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Since I started reviewing Kaiju Kuisine, I have consumed a wide variety of ramen-themed monster-snacks and reviewed them here—from Baby Star Dodekai Ramen snacks, to the Godzilla Butamen cup (probably my favorite of all), to the Godzilla vs. Evangelion Box: Garlic Ramen and Spicy Chicken Flavor (second favorite, and most fun due to the play factor). Today I want to review a new release, simply called Godzilla Ramen, created by Hachiroumen and sold Surou Kaabu, with assistance from a company called… river pond (no capitals). Flavor-wise it’s probably the worst, but the gimmick is still clever.
As usual, let’s start with the packaging. We see the now very familiar image of Godzilla from Godzilla Resurgence (2016) looking scary and depicted in all black and red, with the name of the product and a bowl of ramen floating above his claw. The back includes instructions for how to cook the ramen, and the side announces that the box contains one of three rubber Godzilla foot chopstick rests (randomly inserted to prompt collectors to buy more I am sure). The feet styles they chose seem to be the 2016 Godzilla, the 1954 Godzilla, and the ever-popular Heisei/VS. series Godzilla. I got the 2016 one.
Inside we have two packages of pink noodles, and two packages of soy sauce-flavored soup. This is the really clever part. When you cook up the noodles and douse them in the black soup, the resulting ramen concoction looks like creepy pink flesh/veins immersed in a jet-black background that fits the raw, fleshy, charcoal-scorched 2016 design really well. I love the effect.
I didn’t love the taste, though. Granted I didn’t get around to eating my first batch of Godzilla Ramen until after the “best eaten-by” date had expired, and I probably should have cooked them a tad longer for maximum yum, but still the noodles had a nasty tang that lingers in the mouth. I just kind of had an unpleasant experience with the stuff to be honest.
Still, the novelty of eating a soup designed to mimic the flesh-tones of a horrific monster should be enough to get some fans excited, and instant ramen is not really known for its excellence in the taste department (or maybe I am just spoiled by real ramen restaurants in Japan). Nevertheless, unless you’re desperate for some monster noodles, I would pass on this one.
Scary red generic box art.
Box contents with the rubber chopstick holder
The noodles look like ground pork.
The three foot designsKaiju Kuisine // October 12, 2019
This is another one of those Godzilla-related snacks that I can’t help but kind of puzzle over a little bit. I picked it up at the Tokusatsu no DNA exhibit back in January (along with the Godzilla Honey Pie and a few other things), and I just have to kind of wonder: Why cola? At least with, say, the arare crackers we have a snack that originates from Japan. At least with the Godzilla curries, we have something spicy that sort of goes along well with Godzilla’s nuclear breath (and, as I love to mention over and again, curry was the source of Godzilla’s fiery breath back in the Japanese version of the Godzilla Game Boy game). At least with pies you can say it’s part of the omiyage/souvenir culture. But cola drops, along with fruit-flavored chocolate bars and chocolate wafers, really puzzles me.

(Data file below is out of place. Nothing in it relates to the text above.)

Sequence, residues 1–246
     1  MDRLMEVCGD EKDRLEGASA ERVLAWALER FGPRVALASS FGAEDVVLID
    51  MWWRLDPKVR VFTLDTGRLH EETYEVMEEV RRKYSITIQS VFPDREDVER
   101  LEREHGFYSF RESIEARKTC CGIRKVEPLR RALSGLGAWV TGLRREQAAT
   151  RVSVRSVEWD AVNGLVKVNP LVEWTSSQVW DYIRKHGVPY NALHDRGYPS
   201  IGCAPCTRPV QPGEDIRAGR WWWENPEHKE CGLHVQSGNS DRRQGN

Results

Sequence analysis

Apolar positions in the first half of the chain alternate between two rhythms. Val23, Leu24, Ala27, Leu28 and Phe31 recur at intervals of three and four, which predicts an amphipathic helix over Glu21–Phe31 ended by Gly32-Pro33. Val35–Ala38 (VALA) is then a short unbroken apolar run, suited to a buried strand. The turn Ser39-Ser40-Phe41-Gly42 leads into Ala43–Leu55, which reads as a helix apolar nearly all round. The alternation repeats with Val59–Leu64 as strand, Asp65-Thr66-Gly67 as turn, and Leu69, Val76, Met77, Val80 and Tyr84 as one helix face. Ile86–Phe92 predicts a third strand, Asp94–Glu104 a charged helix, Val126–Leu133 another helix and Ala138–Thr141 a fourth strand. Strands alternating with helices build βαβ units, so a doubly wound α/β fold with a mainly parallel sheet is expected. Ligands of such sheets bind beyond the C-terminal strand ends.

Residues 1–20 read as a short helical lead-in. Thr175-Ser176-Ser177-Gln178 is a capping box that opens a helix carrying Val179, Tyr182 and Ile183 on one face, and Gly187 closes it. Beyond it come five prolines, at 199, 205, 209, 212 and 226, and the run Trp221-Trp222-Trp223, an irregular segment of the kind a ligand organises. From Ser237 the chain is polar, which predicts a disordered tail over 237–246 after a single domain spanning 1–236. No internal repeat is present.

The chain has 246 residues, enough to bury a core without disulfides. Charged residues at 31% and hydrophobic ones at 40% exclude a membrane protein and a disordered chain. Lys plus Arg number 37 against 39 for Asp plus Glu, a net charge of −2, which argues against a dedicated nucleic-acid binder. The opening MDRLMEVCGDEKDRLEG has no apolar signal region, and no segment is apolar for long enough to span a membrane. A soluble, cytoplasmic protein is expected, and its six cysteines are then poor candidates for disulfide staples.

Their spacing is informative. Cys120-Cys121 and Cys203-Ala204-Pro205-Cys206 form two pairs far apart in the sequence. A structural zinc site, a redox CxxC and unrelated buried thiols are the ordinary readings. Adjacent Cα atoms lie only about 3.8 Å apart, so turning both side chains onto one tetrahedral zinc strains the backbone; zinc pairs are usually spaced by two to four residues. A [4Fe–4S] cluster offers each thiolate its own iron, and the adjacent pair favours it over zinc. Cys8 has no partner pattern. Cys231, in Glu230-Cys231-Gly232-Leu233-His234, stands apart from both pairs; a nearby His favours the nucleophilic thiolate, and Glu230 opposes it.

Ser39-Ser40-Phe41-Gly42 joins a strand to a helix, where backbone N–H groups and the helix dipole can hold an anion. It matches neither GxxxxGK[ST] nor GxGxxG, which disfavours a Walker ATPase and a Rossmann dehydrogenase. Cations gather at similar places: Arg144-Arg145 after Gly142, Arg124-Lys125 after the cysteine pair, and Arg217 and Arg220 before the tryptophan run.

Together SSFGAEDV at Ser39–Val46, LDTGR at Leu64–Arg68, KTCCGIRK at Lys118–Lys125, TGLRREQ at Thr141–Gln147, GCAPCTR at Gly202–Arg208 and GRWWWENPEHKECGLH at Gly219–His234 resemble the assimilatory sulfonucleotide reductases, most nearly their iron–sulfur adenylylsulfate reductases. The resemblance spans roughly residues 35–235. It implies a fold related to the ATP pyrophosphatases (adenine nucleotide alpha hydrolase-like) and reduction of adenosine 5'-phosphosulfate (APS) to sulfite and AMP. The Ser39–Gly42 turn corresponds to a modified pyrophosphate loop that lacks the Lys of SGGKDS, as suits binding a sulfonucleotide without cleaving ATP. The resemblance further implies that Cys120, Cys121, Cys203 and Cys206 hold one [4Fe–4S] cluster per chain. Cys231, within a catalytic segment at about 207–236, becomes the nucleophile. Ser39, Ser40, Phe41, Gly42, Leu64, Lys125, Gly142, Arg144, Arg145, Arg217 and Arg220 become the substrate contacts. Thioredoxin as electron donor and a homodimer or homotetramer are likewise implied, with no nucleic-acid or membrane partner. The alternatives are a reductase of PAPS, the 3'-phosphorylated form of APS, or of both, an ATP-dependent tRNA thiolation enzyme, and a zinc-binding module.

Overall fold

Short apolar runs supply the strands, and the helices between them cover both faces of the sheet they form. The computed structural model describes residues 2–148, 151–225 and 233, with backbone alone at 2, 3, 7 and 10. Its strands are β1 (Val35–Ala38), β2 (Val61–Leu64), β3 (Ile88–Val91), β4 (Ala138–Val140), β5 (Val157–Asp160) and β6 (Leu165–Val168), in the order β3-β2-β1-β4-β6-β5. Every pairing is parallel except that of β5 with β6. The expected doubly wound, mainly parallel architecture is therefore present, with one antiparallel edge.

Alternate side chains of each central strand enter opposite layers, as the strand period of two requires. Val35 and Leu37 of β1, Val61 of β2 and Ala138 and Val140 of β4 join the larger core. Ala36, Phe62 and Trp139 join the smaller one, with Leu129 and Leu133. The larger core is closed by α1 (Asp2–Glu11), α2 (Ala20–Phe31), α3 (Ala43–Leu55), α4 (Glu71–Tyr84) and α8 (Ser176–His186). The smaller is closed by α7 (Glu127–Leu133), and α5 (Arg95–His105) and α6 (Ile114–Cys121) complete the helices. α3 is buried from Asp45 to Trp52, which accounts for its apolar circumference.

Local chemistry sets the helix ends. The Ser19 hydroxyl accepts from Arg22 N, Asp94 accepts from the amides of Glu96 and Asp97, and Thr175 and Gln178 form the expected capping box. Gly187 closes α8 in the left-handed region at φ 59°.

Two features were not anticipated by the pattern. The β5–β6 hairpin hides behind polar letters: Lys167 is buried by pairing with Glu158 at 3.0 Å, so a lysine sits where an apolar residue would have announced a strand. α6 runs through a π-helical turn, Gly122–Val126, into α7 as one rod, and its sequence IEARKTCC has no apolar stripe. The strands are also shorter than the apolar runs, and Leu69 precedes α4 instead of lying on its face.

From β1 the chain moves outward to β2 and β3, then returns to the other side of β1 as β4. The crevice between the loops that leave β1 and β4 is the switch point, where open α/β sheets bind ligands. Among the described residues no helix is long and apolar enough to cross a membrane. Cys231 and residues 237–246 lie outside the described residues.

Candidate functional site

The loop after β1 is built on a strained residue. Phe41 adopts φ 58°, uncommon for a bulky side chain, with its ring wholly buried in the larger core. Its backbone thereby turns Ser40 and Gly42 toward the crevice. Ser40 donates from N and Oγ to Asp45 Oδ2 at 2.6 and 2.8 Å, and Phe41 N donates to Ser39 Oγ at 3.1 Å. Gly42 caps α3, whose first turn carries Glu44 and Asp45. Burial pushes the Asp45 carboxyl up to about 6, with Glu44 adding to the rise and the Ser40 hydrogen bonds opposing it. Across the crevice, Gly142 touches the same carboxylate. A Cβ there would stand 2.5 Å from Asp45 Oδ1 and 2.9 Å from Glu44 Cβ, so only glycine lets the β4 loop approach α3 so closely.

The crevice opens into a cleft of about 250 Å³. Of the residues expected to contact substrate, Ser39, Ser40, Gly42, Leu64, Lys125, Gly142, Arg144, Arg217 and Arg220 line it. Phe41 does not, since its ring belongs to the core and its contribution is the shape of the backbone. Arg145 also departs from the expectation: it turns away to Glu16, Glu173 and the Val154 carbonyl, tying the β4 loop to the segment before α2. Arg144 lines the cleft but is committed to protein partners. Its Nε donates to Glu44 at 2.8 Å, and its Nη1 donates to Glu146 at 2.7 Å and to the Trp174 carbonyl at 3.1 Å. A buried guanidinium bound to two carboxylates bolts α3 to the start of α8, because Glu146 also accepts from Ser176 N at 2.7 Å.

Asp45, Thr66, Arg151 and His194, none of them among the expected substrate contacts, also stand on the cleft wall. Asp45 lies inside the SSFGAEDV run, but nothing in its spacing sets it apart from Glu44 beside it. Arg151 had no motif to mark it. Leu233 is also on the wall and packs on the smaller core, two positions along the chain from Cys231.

Not saying they are bad. Just puzzling. (Turns out the chocolate wafers sold with collectible cards are pretty common.)
As usual, let’s start with the packaging. Here we have a metal rectangular can (the same style as the candy fruit drops can you may recall from Ghibli’s Grave of the Fireflies), this time with images of Godzilla Resurgence on the outside. On one side we have the much-overused leering Shin Godzilla with his hands curled and his nasty ribcage and so on, while on the other side we get an extreme close-up of Kamata Kun’s face.
Alright, sure, if you think those images are appetizing, I don’t really agree, but sure.
The worst part of the packaging is the circular lid on top which fits into a hole to close the can up. The problem is that it’s hard to open—the sort of lid that is liable to break your fingernails if you aren’t careful. When I was sharing the drops with friends back home, I really struggled with that lid, and even after bringing the blasted thing back to Japan with me, I try to be careful when I replace the lid lest I push too hard and make it into the Excalibur of candy dispenser lids.
But okay, what about the candy? My friends and I agreed: It’s good. I am not much for cola candies (though over the last few years my fondness of Coca-Cola has unfortunately grown), and I rarely eat hard candies of any kind, but these have a solid flavor which makes the entire process of melting the thing down on my tongue a taste-tacular experience. When I pop one into my mouth, it kind of reminds me of pop rocks, except much milder. This may be just my imagination, but the candy, for me, does have a sort of effervescent taste which adds to the experience.
The Godzilla cola drops are a fine diversion for fans of the giant monster, and yet another rather successful confection from Sawarabi STK (which also made things like the Print Cookies and the Godzilla Pie). While I don’t think this one is going to be available all over given that it was an exhibit exclusive, if you can get your mitts on it, it’s genuinely tasty. Good times.Kaiju Kuisine // August 12, 2019